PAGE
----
This icon, by Andrei Rublev, is a familiar one to many. It’s often used on Trinity Sunday to explain the relationship between God the Father, God the Son and God the Holy Spirit.
And it’s about the relationship between God and ourselves too. I’m reminded of Rabbi Abraham Heschel saying that Scripture is “God in search of man”.
It’s also used as a reminder to be hospitable, being, as it is, a picture from the scene in Genesis of Abraham and Sarah entertaining the 3 strangers, unaware, at first, as to who they really were. Indeed at one stage in our own church we had it printed as postcards, with enough for ourselves and any visitors.
I’m struck by something else though. Something which I hadn’t appreciated about the icon until recently. It regards the very nature and condition of the icon itself and what it says both to us and about us. But we’ll come back to that later…
A brief background
There are many fantastic websites which go into much greater detail and it’s well worth searching on Rublev’s Icon and seeing what you can find. There are also some references at the end of this post.
Rublev was born in Russia around 1360, became a monk and died in 1430. You can see his work in the Russian Museum in St Petersburg and the Tretyakov Gallery in Moscow as well as at the Andronikov Monastery. This particular icon takes as its subject the story given to us in Genesis 18 where Abraham and Sarah are camping near the oak of Mamre and 3 visitors turn up. They invite them in, roast a lamb and make an overly generous amount of bread.
Rublev was not the first to depict this scene but he was unusual in choosing not to portray Abraham and Sarah, focussing instead on the guests.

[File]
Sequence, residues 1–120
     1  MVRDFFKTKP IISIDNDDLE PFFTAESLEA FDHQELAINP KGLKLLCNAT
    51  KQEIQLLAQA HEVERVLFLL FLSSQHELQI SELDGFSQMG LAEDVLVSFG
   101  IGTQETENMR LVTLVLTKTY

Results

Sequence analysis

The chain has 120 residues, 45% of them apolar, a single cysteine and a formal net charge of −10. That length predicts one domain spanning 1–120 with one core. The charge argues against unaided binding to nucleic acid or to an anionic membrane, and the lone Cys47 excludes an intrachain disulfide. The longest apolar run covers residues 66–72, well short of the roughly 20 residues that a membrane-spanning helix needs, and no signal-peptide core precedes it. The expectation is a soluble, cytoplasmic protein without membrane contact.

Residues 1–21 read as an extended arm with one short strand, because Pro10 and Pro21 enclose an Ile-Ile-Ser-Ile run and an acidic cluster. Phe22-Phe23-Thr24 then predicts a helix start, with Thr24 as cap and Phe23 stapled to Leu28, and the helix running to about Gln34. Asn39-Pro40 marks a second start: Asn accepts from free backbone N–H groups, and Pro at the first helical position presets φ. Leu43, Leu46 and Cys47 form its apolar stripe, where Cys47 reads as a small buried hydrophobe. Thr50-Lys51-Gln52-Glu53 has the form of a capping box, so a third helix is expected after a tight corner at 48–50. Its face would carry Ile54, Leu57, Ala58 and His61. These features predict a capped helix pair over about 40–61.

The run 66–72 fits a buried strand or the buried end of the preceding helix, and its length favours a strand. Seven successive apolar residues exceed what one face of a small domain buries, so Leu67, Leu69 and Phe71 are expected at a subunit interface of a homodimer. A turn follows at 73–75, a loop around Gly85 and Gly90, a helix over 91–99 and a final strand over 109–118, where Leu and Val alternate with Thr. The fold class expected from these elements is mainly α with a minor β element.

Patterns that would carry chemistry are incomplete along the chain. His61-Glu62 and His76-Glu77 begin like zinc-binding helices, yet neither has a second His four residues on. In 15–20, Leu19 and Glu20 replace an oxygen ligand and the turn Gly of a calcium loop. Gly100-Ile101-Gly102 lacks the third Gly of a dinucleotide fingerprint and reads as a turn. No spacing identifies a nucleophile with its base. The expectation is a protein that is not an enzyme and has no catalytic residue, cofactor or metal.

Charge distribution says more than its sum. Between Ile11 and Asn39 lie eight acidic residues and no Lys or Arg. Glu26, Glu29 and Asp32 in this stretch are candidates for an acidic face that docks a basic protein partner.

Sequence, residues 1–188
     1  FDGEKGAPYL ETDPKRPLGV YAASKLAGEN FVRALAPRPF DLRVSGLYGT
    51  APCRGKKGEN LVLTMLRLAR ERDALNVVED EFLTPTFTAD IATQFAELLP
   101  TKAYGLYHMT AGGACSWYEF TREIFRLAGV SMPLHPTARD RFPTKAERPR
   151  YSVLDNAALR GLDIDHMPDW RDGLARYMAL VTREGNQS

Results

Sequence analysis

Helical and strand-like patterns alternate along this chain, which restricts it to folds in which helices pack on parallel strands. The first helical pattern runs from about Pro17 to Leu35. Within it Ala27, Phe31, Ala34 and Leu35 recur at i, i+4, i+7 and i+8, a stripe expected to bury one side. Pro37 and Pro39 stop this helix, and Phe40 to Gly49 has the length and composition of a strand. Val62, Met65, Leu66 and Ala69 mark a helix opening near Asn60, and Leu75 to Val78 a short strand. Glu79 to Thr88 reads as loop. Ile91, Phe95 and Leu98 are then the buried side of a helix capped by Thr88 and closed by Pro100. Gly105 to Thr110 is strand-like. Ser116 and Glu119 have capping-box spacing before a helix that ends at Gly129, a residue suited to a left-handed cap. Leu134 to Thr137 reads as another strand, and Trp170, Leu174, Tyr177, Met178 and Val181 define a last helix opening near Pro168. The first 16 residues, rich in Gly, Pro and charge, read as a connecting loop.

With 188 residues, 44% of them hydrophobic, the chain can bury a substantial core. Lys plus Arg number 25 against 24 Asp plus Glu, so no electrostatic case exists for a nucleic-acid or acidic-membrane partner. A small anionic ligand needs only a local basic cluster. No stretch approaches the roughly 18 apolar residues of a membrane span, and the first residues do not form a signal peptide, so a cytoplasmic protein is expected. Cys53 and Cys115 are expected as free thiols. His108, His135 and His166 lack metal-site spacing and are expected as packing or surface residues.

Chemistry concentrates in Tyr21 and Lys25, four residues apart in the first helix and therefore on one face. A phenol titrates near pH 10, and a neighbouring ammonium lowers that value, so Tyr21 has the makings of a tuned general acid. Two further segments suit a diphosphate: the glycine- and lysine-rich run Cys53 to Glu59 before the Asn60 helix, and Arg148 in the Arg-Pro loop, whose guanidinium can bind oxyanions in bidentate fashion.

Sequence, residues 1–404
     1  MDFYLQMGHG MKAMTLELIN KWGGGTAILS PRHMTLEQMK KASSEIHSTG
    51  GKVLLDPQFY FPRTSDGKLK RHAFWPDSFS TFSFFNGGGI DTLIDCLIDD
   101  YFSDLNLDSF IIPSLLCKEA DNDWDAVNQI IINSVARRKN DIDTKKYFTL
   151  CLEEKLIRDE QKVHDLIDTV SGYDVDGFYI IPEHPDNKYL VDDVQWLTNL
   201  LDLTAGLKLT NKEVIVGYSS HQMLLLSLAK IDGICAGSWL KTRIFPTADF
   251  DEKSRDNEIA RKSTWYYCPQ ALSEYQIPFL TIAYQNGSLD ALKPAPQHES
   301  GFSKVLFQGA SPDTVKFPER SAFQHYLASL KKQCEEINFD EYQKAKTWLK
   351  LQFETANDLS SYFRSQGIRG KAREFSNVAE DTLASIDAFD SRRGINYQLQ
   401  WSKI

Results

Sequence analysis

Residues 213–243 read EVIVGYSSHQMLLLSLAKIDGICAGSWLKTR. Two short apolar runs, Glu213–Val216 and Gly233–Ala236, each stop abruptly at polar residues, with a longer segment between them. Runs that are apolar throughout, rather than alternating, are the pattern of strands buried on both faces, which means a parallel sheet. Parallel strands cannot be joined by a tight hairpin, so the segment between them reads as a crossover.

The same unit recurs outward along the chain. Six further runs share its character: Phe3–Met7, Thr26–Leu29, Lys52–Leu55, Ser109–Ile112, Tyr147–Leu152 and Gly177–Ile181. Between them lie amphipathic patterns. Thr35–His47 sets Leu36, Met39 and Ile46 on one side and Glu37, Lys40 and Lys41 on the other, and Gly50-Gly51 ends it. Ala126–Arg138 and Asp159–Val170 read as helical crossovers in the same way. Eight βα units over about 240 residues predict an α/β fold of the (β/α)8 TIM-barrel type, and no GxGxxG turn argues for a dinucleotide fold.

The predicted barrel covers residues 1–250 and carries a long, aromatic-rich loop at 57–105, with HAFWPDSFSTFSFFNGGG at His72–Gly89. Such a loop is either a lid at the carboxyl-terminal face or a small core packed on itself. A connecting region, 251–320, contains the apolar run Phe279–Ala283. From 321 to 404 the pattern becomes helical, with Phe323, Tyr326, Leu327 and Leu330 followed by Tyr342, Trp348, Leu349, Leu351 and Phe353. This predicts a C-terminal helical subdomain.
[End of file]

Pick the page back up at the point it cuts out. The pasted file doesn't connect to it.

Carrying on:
Looking through a Christian lens, the 3 visitors represent the Trinity. They each have halos of white and staffs of authority. Or perhaps they are walking staffs? We are each on a journey and the three persons join us in that, they are with us in our weariness.
The figures are each similar in size and apparently similar in age. No old man with a white beard! The Holy Spirit is on the right hand side, wearing clothing of blue and green, signifying divinity and new life. The Son has a heavy garment of reddish brown and a cloak of blue, meaning earth and heaven united. The band of gold on his right shoulder refers to ‘the government shall be upon his shoulder’ from Isaiah 9.
The Father is on the left in clothes that seem more transparent and difficult to define. His head is more upright than the other two, who seem to incline towards him. His fingers seem to point to the Son or to the chalice in a motion of blessing. In turn the Son seems to bless the Holy Spirit.
A place for us
Then there is a space for us to make up the circle. A place is left for us, ready to be blessed in turn by the Holy Spirit. The Holy Spirit sits beneath the hill of prayer, which may be rocky and steep. But it leads to Jesus and the tree. The tree may be a symbol of the crucifixion or of the shade and shelter given by the oak of Mamre. A place of security and peace. The tree is on the way to the house which is over the head of the Father. It’s door is always open for the traveler, the window open for the Father to look out for the return of the prodigal. It’s the goal of our journey. The beginning and end. Our dwelling place with the Father.
The table or altar is at the centre with the sacrificed lamb in the chalice. It’s Abraham’s hospitality to his visitors and God’s place of hospitality to us. And we’re invited in, to complete the movement of God by our own response. To come into the intimacy and depth of what we see here. Some even suggest that the small rectangle that you see on the side of the table once held a tiny mirror…